03 December 2016

Writing What I Knew

How many times have we, as writers, heard that we should "write what we know"? I'm not sure I always agree with that piece of advice--I'd rather it be "write what you feel comfortable writing," or "write the kind of things you like to read." What you know--or at least what I know--isn't always interesting enough to carry a story. Besides, if Asimov, Bradbury, Verne, Heinlein, Serling, etc., had written only what they knew . . . well, you've heard that argument before.

But in the case I'm about to describe, I chose to heed the advice.

Work files

A couple of weeks ago I picked up a copy of the current issue (Oct.-Jan.) of Strand Magazine, which contains one of my stories, called "Jackpot Mode." It's one of those tales that was fun to write, partly because--for a change--I covered a subject that was extremely familiar to me, once upon a time.

A bit of boring background, here. I hired on with IBM right out of college, back when the pharaoh was building the pyramids, and stayed with the company for thirty years. (That time-span included a four-year leave-of-absence to the Air Force.) I worked as both a marketing rep and a systems engineer, and for most of my career I was what was then called a "Finance Industry Specialist," which means I spent a lot of time in banks, from Atlanta to Anchorage, Boston to Burbank, Minneapolis to Manila. My specialty area was the software for IBM teller stations, check-processing systems, and ATMs.

Which brings us to my Strand story. Financial institutions have always been prime fodder for crime writers, and for the past forty years bank robbers seem to have had an unusual fondness for automated teller machines. There must be something especially tempting about the fact that so many thousands of dollars are sitting right there in a box near the sidewalk--never mind the fact that it's encased in half a ton of steel. Even in this day and age, stories of dimwitted, would-be thieves trying to blow up, drill through, or drag away ATMs are regularly featured on the evening news. These attempts, as I'm sure you know, almost always fail. So I figured, why not write a story about a couple of inside guys--a bank programmer and an equipment repairman--who team up and try to do it the right way?


I should mention at this point that not everything I put into this story works exactly the way I said it does--after all, I don't want somebody using information in my fictional frolics to actually steal a small (or large) fortune. But most of it is technically correct. In the olden days ATMs would occasionally suffer electronic or mechanical indigestion and spew cash like oversized slot machines until the error was found and corrected. We had a term for this thankfully rare occurrence: it was called "jackpot mode." (I saw it happen only twice, during routine off-line testing.) It also served as what I thought was a good story title.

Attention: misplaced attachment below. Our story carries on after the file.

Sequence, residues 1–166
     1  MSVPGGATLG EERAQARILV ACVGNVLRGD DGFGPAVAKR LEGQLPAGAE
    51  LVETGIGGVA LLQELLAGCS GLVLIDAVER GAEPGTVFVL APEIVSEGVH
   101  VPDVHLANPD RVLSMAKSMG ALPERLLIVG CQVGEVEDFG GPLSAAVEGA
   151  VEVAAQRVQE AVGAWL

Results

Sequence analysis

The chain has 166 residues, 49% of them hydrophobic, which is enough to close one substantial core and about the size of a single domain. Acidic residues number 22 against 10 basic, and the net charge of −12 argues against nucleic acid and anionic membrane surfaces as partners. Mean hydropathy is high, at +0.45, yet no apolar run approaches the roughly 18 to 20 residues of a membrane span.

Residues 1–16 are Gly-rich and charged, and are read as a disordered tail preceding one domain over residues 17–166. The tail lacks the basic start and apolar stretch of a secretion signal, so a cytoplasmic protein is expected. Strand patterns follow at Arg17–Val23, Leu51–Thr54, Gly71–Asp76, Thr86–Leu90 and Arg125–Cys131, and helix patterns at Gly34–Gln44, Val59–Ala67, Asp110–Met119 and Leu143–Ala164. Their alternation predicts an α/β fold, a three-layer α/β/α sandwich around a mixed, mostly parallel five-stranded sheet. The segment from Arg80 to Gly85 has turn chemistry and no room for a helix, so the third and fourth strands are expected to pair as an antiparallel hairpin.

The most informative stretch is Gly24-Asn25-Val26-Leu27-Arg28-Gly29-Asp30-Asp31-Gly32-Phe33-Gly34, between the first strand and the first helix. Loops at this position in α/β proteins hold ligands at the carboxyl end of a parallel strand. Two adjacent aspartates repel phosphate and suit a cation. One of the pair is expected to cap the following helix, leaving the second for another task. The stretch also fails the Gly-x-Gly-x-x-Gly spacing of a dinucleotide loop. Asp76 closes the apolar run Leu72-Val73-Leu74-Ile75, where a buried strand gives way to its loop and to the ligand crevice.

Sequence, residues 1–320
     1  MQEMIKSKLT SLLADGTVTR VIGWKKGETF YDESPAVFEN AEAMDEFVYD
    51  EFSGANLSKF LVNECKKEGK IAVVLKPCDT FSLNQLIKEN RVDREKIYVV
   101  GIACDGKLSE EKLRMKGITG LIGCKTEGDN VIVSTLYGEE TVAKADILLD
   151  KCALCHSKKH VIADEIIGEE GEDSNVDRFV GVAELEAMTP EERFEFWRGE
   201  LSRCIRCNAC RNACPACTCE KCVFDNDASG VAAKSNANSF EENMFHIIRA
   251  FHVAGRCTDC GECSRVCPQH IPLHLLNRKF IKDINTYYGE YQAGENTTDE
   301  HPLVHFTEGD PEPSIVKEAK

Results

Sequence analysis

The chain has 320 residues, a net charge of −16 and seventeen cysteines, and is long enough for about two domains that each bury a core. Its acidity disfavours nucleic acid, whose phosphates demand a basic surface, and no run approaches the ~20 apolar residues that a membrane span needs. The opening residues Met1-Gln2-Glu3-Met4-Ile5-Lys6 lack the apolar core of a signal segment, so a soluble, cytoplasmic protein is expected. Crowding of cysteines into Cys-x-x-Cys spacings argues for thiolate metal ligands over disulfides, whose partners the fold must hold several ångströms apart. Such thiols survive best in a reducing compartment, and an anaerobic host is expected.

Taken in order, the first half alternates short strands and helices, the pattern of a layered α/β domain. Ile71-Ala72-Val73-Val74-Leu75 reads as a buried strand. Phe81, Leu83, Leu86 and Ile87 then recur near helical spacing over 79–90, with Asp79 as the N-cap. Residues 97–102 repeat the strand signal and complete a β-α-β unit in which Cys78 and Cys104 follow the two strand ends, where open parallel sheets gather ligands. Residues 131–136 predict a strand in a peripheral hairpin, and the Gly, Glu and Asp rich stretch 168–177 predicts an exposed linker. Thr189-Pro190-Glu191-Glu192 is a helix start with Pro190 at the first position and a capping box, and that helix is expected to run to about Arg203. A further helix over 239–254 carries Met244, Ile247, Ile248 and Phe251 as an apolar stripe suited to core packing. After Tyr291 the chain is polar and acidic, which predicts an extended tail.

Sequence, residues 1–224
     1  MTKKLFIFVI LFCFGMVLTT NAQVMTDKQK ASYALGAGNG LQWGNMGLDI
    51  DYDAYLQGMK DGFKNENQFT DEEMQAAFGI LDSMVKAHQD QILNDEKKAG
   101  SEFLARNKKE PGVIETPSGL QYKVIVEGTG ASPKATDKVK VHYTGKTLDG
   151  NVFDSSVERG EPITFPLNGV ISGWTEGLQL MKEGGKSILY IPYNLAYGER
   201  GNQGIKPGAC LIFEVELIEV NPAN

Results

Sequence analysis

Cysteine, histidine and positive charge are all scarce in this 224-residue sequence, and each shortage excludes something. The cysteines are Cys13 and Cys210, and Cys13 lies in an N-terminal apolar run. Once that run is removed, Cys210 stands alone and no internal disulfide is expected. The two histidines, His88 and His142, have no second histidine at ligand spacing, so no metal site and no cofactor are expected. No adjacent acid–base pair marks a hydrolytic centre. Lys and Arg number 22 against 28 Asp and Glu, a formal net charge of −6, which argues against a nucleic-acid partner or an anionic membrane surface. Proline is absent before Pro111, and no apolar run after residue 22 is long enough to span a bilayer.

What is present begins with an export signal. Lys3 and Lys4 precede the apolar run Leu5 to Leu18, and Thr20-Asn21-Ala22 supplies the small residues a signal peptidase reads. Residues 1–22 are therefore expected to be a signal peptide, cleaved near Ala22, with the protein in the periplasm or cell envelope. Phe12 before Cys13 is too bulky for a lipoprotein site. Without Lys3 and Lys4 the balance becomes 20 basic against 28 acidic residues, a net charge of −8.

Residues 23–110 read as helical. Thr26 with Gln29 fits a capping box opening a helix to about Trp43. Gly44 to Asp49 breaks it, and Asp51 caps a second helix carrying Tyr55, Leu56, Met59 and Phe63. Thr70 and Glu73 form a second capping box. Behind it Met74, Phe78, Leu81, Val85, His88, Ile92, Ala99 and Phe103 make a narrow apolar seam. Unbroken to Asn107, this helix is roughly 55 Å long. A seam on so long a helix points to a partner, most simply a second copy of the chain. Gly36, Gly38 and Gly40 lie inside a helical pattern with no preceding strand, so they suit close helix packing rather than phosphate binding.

Like several of my recent mysteries for the Strand and other magazines, this one ran a little long, around 8000 words. But there was a lot of detail involved as well as a lot of money, and I can never resist putting in multiple plot twists. If you read the story, I hope you'll like it.

Mining your past

Do you often find yourself using personal memories and first-hand knowledge from your jobs, hobbies, etc., to come up with fictional material? If you do, and if these experiences are unmodified, I can only assume your life has been more eventful than mine. I suppose I could write about making ill-fated stock market investments, or watching Netflix movies until four in the morning, or regularly mowing my wife's newly planted flowers that I mistake for weeds--but who'd want to read about that? Instead, my stories usually consist of normal, routine happenings that I then inject with steroids, asking myself "what if" and plugging in exaggerations that (hopefully) make those incidents more interesting and entertaining than they were in the real world.

The person I always think of when this subject comes up is Nevada Barr, an excellent mystery writer who once lived the kind of life her fictional heroine lives now. Nevada was a park ranger for many years, like the main character of her twenty-plus novels, and the author's familiarity and comfort level with the National Park settings and her protagonist's occupation make her books authentic and believable--and even educational. (She once said she wasn't quite as brave and daring as Anna Pigeon is, but Nevada's face is always the one I picture in my mind when I read about Anna's adventures.) Most writers aren't fortunate enough to have that kind of background--and when they don't, they have to make up for it with research and imagination.

Author Marie Anderson once observed, in The Writer, "I used to write what I know. I used to write about infertility, motherhood, suburban middle-class life, blue-collar Catholic childhood, law school from a dropout's perspective. I'd send out those stories and never see them again, not even the SASEs. Then, somewhere, I came across a better rule: know what you write."

That sounds better to me, too.


  1. Good stuff, John. And in answer to your questions, I definitley draw on first-hand knowledge or life experience. But, of course, we can't have experienced everything so we do have to supplement that with research and imagination. Otherwise, like that quote from Howard Nemerov said, we'd have an awful lot of free time...

  2. Congratulations on Jackpot Mode! and on another good post.

  3. Enjoyed the post here, John — as always! And congrats on the new story too!

    As Paul said, I often draw on real-life experience--but often shifted and augmented in such ways that I anticipate even those close to me might have trouble locating any autobiographical elements in some stories. (Sometimes the real-life experiences are more clear, of course; a couple of the sections in my book ON THE ROAD WITH DEL & LOUISE are drawn from travels Tara and I took to the same places my protagonists travel--but even there, neither Tara and I were involved in any crimes in those locations... I promise!)

  4. Paul, some of the best examples I can think of, of writers who draw from past experiences, are former (and current) law-enforcement folks like O'Neil De Noux, R.T. Lawton, David Dean, etc. There's a believability and authenticity there that always helps.

    Thanks, Janice. The "story behind the story" posts are always fun to write.

    Art, you're correct--road trips, and any kind of travel to interesting places, are great sources of story material. The globetrotting I did with IBM and in the Air Force pops up all the time, in my stories. (And Google Maps always helps in making sure nothing's changed too much since I went there.) Then all you have to add is a little imagination.

  5. John, was that pharaoh Khufu or Khafre?